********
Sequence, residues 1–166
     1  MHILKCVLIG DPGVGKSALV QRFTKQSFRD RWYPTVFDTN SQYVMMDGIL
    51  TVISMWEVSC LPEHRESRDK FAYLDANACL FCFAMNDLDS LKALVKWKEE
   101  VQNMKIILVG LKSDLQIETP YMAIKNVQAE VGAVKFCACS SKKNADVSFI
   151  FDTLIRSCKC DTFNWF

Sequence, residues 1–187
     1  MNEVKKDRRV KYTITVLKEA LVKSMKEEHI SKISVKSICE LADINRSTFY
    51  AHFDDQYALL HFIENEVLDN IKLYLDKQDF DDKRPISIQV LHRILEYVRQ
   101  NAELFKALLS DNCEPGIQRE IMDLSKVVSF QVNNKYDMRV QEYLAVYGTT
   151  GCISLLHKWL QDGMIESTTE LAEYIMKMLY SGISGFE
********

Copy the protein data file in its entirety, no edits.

Sequence, residues 1–166
     1  MHILKCVLIG DPGVGKSALV QRFTKQSFRD RWYPTVFDTN SQYVMMDGIL
    51  TVISMWEVSC LPEHRESRDK FAYLDANACL FCFAMNDLDS LKALVKWKEE
   101  VQNMKIILVG LKSDLQIETP YMAIKNVQAE VGAVKFCACS SKKNADVSFI
   151  FDTLIRSCKC DTFNWF

Sequence, residues 1–187
     1  MNEVKKDRRV KYTITVLKEA LVKSMKEEHI SKISVKSICE LADINRSTFY
    51  AHFDDQYALL HFIENEVLDN IKLYLDKQDF DDKRPISIQV LHRILEYVRQ
   101  NAELFKALLS DNCEPGIQRE IMDLSKVVSF QVNNKYDMRV QEYLAVYGTT
   151  GCISLLHKWL QDGMIESTTE LAEYIMKMLY SGISGFE